Please welcome Jordan to the website today with a tales of transformation and a story of determination. Reading her story hit close to home for me…how often do we fight against feelings of insecurity? Too often. Jordan’s story will leave you smiling, and cheering her on every single step of the way. But I think it will inspire you to set a goal and then crush it. Thank you Jordan, for sharing this with us.
For the longest time, I dreamed of being the ultimate outdoors woman. I wanted the knowledge, the skills, and the physical fitness of a hiker, yet I always felt too intimidated to take the first step. For too long, I allowed my hurdles to prevent me from hitting the trails with friends and co-workers, and I’d often opt out of exploring the forests because I didn’t feel qualified enough. After half a mile, my cheeks would turn bright red, my asthmatic lungs would become short of breath, I’d sneeze nonstop, and I’d slowly start fading away from the pack due to my own embarrassment and fatigue.
When I moved down to southern West Virginia in 2015, the New River Gorge National River became my backyard, and for the first summer – I probably hit the trails less than five times. The landscape was gorgeous – full of secret waterfalls, abundant cliff-side views, and thousands of blooming wildflowers, but I felt too inexperienced and too out of shape to actually hike longer than a mile or two.
When the spring of 2016 came around, I realized that due to my inactive lifestyle, I was slowly deteriorating my overall health. I was the heaviest that I had ever been, my blood pressure was out of control, and I walked an average of under 1,000 steps a day from driving to work, sitting at a desk, and laying around at home. It hit me all at once, and I knew that if I wanted to be the best that I could be for myself, I had to make changes.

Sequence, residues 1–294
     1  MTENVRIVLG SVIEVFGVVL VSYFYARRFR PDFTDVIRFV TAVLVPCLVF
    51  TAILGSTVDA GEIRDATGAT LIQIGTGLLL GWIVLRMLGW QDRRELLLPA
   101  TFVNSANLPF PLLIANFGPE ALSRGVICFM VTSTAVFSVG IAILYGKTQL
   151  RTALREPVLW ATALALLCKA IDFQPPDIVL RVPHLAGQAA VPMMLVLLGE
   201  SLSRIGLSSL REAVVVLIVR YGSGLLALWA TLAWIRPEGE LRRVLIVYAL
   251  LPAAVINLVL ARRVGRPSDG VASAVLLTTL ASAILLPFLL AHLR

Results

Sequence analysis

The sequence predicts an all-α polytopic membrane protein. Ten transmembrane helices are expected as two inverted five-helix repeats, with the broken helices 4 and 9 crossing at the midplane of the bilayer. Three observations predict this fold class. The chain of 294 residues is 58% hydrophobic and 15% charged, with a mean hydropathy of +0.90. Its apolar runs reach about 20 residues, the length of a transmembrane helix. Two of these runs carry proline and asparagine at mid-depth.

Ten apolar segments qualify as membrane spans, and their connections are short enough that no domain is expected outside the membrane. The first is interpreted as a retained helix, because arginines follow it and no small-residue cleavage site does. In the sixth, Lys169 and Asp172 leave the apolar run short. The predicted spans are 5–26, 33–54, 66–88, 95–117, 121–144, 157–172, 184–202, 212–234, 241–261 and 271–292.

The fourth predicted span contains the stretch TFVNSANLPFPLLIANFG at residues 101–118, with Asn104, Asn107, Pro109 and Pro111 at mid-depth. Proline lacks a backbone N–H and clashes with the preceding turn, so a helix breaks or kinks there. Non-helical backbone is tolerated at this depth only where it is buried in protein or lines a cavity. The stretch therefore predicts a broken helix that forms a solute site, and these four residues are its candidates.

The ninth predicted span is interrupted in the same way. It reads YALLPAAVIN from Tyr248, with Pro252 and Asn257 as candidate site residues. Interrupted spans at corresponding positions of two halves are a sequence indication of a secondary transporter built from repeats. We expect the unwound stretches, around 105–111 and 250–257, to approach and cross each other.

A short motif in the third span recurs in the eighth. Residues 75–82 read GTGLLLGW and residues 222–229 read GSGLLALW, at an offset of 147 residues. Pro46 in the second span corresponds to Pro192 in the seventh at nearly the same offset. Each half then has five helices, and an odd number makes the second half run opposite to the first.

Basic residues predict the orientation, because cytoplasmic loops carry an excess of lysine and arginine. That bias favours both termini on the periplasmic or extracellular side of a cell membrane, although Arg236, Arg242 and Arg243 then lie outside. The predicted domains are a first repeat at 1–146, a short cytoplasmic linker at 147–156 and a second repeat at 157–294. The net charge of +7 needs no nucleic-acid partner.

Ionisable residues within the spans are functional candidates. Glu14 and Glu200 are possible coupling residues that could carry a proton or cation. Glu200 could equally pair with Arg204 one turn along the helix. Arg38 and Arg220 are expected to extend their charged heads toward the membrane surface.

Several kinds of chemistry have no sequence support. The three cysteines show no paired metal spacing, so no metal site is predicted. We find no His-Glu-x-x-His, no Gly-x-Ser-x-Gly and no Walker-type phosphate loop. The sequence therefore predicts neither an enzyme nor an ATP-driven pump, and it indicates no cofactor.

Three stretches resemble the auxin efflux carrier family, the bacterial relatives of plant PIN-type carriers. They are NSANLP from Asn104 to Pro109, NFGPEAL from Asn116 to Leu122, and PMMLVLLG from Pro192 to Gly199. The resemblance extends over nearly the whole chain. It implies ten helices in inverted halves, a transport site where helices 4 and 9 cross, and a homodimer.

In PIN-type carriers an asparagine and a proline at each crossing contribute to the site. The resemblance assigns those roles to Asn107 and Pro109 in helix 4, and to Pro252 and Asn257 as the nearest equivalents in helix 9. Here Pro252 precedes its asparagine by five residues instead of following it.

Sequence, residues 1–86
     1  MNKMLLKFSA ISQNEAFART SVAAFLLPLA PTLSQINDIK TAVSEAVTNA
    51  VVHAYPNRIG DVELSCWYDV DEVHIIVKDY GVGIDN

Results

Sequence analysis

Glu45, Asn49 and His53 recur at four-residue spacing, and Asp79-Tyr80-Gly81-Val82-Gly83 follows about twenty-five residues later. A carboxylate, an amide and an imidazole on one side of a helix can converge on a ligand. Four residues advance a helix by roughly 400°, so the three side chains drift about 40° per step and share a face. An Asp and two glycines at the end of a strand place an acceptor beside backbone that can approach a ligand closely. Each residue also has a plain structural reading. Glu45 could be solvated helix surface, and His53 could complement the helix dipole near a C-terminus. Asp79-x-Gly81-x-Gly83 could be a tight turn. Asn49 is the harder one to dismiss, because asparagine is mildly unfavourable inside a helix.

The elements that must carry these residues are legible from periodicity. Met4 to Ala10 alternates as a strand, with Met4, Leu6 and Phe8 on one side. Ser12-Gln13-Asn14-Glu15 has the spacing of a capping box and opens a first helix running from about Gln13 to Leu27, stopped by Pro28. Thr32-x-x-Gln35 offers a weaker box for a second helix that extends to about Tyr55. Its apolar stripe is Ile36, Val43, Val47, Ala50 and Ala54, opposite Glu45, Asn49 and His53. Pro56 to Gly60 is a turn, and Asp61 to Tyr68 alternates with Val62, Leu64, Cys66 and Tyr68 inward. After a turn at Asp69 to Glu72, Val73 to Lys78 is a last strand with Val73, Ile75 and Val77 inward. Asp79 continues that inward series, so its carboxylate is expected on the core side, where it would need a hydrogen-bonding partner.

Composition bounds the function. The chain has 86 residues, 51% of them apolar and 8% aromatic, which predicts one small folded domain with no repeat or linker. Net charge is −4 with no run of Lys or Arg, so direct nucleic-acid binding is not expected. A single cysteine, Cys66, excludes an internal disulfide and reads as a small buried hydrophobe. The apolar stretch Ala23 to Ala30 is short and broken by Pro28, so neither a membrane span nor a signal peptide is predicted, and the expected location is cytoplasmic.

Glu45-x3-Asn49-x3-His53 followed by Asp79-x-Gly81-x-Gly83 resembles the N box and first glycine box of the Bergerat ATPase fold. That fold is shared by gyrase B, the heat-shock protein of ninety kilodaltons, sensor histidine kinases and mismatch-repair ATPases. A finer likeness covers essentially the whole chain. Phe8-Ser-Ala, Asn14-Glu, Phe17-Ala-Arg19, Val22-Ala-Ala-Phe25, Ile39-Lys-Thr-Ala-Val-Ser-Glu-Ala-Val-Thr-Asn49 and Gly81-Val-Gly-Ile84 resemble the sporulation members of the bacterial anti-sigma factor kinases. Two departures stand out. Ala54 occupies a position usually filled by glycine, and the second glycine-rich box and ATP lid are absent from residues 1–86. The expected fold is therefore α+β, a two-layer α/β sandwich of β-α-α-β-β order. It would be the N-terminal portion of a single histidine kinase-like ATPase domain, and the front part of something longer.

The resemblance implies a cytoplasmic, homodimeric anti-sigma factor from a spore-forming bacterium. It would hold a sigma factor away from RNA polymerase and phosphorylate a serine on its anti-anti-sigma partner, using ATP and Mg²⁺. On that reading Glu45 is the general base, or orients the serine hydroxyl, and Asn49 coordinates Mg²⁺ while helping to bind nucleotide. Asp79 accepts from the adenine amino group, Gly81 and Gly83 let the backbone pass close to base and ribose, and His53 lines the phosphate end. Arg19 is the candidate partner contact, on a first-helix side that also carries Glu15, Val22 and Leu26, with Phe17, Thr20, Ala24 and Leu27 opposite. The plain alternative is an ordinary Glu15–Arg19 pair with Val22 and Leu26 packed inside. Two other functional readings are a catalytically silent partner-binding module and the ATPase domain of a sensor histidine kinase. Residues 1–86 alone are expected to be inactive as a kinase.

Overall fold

New River Gorge had announced their 100 Mile Hiking Challenge in the beginning of 2016, and while a part of me thought that I was crazy for even attempting the challenge – I printed out my log sheet and started hitting the trails.
The first thing I realized was that one of my biggest barriers in believing I couldn’t be a hiker was coming from no one other than myself.
On the trail, there are no stopwatches telling me that I’m too slow, or bystanders gawking at me for taking breaks. It’s just yourself and the comfort of the trail holding your hand along the way.
I made a promise to myself to start out solo hiking, so that I wouldn’t feel intimidated by the company of others. And I also decided to make a point of listening to nothing other than the nearby river, the wildlife, the wind, and the sound of my heavy breathing until it all meshed into one soundtrack.
There were times when I wanted to give up, or fudge my trail numbers, or attempt to flag down a taxi on the side of the road to take me back to my car, but I kept pressing on. I started with small trails after work, and slowly pushed myself to getting into the double digits. I also stopped caring about how my body looked when I’d pass others on the trail; the sweaty skin, the bulging belly, the leg rashes…all of it…because knowing that they were accompanied by strengthened lungs and powerful legs made me proud of every part of my body. Every step was a triumph, and I relished in the newly found strength that I never knew I had.
Towards the end of the challenge, I managed to hike 16 miles in one sitting, and completely blew myself away at my own perseverance. Were there times on that trail where I sat down on the ground and wondered if I’d have enough energy to finish? Absolutely, but that’s what made the trip so incredible; the pain, the triumph, the fear, the joy – it all filled every second of those hours and made the experience all the more incredible.
Being a hiker doesn’t mean that you have to summit the tallest mountain, or hit the trails every week, or fit into a small box of elite members that only wear high-end hiking gear, and only hike in national parks and forests. Being a hiker means embracing your own identity, setbacks, and passions in a space that works for you. We all have limitations, but sometimes, those limitations come from our inability to realize that we’re stronger than we think. Completing the challenge was awe-inspiring, and losing 30 pounds along the way even more so – but that challenge was just the beginning.
I now have the confidence to hit the trails even with the limitations that come along the way. Does my face still get insanely red? Yes. Do I still get out of breath going up a small hill? Sure do. Am I sometimes slower than the rest of the pack? You bet. But knowing how far I’ve come along is what keeps me going, and embracing the “setbacks” that sometimes set me aside from the rest of my hiking group allow me to keep pressing forward, while understanding that I don’t have to live up to being what I think a hiker should be. I, myself, in my current state, am a hiker.
If you’ve ever felt intimidated by the trail, by others, or by yourself – know that the forests, the deserts, the prairies – they’re all welcoming and supporting you along the way.